Despite federal law, insurance companies often undercover mental health care

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Michelle Romero was distraught, panicked and heartbroken as she tried to find a cure for her daughter’s depression. She continued to search for a mental health clinician within her daughter’s insurance coverage network.

But the Houston-area mother of three said she couldn’t find a psychiatrist or psychotherapist close enough to her family’s neighborhood to accept her daughter’s health insurance. In her network, a clinician was closing her practice. The other was fully booked with patients.

So each week, the family paid about $300 out of pocket for their daughter’s psychotherapy and psychiatric sessions. Romero maxed out his credit card.

Last Christmas, Romero’s daughter was hospitalized for two weeks. She was 14 years old at the time and attempted to commit suicide. It wasn’t her first try. That was when she was 10 years old and in fifth grade.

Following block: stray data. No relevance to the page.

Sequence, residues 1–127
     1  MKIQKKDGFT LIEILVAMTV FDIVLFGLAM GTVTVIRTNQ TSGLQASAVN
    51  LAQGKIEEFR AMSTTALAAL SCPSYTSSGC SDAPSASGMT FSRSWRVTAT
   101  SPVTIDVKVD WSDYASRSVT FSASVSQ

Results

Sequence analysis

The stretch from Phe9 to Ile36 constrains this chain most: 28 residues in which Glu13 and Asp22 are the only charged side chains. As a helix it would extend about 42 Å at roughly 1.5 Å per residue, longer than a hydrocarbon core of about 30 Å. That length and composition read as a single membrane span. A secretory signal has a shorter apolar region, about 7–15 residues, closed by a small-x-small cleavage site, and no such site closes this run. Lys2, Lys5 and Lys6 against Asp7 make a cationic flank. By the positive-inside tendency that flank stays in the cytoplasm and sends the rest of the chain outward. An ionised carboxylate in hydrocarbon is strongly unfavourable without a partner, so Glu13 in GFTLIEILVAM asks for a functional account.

The family started the new year with a $30,000 hospital bill, only a portion of which was covered by insurance.

The Biden administration is pushing insurance companies and state regulators to expand mental health coverage. The move comes as overdose deaths are on the rise and mental health issues among youth are becoming more prevalent, disproportionately impacting communities of color. Inflation and a shortage of mental health care providers, including psychiatrists and specialists who treat adolescents, further impede access to care.

“Something needs to change,” Romero said. “There are too many people who need help. And there aren’t enough doctors.” Insurance companies “need to do better,” she says.